Another truth about software development: it’s easier to revise your concept on paper than it is in code. You might go back and forth about a particular feature, but once that feature is coded, you’re going to be reluctant to change it too much. There’s a kind of inertia to finished code; if the feature works , you think, why change it?

The Project Blueprint Challenge exists to let you make those mistakes, go down those wrong paths, try those wrong solutions, without committing them to code. You write it all down, and then you see where your plans are unclear, or not sufficiently developed, or downright crazy. Then you revise, and reconsider, and polish your blueprint.

When you finally do write the code, you’ll still end up making mistakes and backtracking, but with a Blueprint document you’ll at least know what the destination looks like. You’ll know where you’re going. And even after the Blueprint Challenge ends, you will continue to return to that document, revising and refreshing it to match your latest ideas and inspirations.

The Blueprint is the ‘roadmap’ we’re talking about when we describe the SDLC Challenges as helping you to build a ‘roadmap’ for your project. It’s the essential component that every project needs to ensure success.

User Experience Challenge

In the ancient times when I was learning my way around my school’s computers, we had no real user interface to speak of. If you were lucky enough to have an account on a UNIX system, you could read the man pages, but for those of us condemned to use VMS, we were lost in a wilderness of strange command line instructions and baffling editors.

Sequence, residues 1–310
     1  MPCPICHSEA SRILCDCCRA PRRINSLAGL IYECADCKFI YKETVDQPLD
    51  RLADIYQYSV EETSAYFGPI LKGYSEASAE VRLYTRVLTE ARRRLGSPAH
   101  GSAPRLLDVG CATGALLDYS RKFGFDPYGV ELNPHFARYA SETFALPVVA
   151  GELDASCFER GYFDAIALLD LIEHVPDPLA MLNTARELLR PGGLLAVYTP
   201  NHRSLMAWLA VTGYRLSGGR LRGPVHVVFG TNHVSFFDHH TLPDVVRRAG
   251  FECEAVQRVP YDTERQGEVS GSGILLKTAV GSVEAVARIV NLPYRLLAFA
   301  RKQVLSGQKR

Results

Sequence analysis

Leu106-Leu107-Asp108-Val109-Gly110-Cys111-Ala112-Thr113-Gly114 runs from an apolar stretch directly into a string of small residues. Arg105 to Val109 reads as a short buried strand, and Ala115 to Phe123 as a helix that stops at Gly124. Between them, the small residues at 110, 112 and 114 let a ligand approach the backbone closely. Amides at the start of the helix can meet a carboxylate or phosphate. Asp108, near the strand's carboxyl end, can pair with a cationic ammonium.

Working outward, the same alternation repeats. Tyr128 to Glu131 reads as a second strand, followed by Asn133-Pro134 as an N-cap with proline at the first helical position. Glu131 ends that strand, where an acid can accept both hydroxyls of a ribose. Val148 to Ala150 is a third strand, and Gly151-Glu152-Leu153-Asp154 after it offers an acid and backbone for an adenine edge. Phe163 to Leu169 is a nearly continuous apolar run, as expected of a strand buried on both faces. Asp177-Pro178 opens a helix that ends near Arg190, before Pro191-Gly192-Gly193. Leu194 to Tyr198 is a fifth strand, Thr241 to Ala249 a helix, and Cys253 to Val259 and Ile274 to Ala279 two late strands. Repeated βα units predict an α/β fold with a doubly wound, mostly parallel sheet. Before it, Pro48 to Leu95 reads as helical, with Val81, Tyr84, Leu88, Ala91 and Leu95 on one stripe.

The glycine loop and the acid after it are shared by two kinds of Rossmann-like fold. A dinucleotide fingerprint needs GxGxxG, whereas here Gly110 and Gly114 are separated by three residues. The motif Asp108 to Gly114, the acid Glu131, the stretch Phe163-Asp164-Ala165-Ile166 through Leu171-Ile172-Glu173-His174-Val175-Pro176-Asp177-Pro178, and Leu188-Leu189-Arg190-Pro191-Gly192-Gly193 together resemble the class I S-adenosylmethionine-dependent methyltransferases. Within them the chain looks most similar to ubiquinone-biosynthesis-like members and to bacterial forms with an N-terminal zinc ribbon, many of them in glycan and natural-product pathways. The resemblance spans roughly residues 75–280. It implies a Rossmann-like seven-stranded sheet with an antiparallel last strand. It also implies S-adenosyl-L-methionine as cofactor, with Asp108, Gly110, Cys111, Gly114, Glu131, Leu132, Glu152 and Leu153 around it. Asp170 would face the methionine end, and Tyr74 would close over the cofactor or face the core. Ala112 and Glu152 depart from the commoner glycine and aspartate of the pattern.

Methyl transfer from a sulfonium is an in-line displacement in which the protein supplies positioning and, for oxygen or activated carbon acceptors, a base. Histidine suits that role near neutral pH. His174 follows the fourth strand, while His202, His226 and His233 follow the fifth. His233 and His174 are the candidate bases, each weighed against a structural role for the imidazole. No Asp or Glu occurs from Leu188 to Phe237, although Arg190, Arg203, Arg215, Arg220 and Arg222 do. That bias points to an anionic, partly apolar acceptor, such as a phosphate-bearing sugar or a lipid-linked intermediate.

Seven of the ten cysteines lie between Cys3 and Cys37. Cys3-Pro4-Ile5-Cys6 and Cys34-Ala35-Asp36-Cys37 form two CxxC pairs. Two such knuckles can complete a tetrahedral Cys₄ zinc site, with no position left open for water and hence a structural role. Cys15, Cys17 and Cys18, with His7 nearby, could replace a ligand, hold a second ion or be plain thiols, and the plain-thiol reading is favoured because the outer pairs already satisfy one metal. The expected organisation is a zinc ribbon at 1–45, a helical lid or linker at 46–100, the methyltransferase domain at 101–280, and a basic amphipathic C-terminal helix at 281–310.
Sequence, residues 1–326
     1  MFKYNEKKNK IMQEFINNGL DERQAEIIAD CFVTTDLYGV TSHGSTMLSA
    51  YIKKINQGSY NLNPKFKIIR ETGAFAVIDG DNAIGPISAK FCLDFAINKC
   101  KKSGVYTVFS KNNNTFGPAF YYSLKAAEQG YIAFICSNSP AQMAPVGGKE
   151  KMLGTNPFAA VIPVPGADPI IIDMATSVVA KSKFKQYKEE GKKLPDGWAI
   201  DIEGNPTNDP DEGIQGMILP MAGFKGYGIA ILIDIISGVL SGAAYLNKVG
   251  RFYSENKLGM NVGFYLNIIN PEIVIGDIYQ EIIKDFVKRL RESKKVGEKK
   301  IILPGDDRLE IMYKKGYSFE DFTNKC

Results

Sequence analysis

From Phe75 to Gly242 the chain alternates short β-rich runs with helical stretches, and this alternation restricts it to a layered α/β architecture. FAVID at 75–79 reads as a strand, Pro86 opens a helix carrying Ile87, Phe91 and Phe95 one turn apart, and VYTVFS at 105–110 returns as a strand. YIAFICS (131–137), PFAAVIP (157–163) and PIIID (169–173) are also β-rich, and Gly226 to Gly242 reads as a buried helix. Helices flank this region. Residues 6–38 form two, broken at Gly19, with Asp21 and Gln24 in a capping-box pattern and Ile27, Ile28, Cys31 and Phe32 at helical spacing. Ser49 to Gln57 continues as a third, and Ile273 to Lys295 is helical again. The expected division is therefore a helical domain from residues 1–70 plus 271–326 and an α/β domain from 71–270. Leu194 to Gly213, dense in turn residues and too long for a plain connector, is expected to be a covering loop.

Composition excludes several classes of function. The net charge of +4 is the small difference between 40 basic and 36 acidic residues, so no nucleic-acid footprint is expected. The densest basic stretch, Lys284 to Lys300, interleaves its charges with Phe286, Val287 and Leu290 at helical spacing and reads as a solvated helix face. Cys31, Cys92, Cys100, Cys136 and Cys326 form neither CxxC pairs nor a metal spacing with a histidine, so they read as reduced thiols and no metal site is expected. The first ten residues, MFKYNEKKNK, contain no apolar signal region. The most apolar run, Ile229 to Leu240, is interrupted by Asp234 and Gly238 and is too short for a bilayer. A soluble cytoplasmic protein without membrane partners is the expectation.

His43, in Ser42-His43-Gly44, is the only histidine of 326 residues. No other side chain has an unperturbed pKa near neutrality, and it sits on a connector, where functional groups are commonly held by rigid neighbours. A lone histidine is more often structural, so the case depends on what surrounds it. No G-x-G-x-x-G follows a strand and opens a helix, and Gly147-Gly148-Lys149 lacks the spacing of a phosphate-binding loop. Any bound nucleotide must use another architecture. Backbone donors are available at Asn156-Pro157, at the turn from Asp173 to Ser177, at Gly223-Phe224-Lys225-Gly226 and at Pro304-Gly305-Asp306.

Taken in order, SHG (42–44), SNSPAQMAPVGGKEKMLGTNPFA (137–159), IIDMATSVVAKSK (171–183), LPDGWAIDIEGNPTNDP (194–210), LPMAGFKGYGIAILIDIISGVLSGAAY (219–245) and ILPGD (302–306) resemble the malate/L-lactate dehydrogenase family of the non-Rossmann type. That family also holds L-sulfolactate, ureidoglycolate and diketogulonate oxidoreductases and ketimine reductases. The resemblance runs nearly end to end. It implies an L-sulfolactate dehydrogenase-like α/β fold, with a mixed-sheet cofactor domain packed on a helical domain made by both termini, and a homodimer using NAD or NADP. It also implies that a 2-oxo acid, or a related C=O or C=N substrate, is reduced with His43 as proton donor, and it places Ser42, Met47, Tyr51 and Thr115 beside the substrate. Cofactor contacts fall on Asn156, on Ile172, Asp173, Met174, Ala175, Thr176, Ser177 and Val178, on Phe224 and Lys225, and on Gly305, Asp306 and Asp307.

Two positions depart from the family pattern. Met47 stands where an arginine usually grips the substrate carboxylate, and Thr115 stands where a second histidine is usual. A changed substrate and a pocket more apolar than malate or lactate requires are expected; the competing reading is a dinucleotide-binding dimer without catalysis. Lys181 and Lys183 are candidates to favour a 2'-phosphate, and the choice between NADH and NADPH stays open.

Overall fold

Modern software is a consumer product, and the cryptic and arcane interfaces we used to use are no longer acceptable. If the user can’t figure out how to make your software work, they won’t be a user for very long. With the marketplace saturated with alternatives to your project, you have to work hard just to capture the user’s interest, and once you’ve captured it you can’t afford to lose it.

It’s easy to get so wrapped up in the code that you stop thinking about how the end product will look and feel to a customer. You’ve written a great algorithm that’s fast and elegant, but how will the user see that algorithm’s results? How do you translate your great code into a great experience for someone who doesn’t know the first thing about algorithms?

At the World Finals, you’re going to be talking to some judges who are highly technical, who will understand why your code is cool, and why what you’re doing on the backend is so amazing. But you’re also going to be talking to judges who aren’t technical, who are representative of your end users. You’re going to have just fifteen minutes with each of them, hands-on with your project. How much of that time can you afford to spend, explaining how your user interface works? Do you want the judges to be thinking about your menus and your options panels, or do you want them thinking about the heart of your project, the great idea that got you started?

That’s where the User Experience Challenge comes in. You can’t leave UX to the last minute. You can’t throw together a quick-and-dirty menu and declare it ‘good enough’. The UX is the only thing the judges will see . If it’s bad, or rushed, or broken, it doesn’t matter how good the rest of the project is. They’re going to look at that bad, rushed, broken UI and score you based on that experience .

It’s a bit tougher than the previous two challenges. We’re asking for some fairly detailed documentation about the user’s path through your software. We’re asking you to get some polished, final-release quality art together, and we’re asking you to make graphic design and layout decisions that might be outside your comfort zone.

But in the end, when you’re talking to the judge for those 15 precious minutes, every bit of effort you spent on the user experience will pay for itself tenfold.


What I’d like for you to take away from this post is simple: The SDLC Challenges are not just competitions. They’re tools to help you succeed. They’re not separate from your project; they’re an integral part of your project.

Of course, they’re optional. You can submit your final project to your National Final or the Online Final without ever doing a single minute of video, or a single page of blueprint.

You don’t have to do them.

But you really should.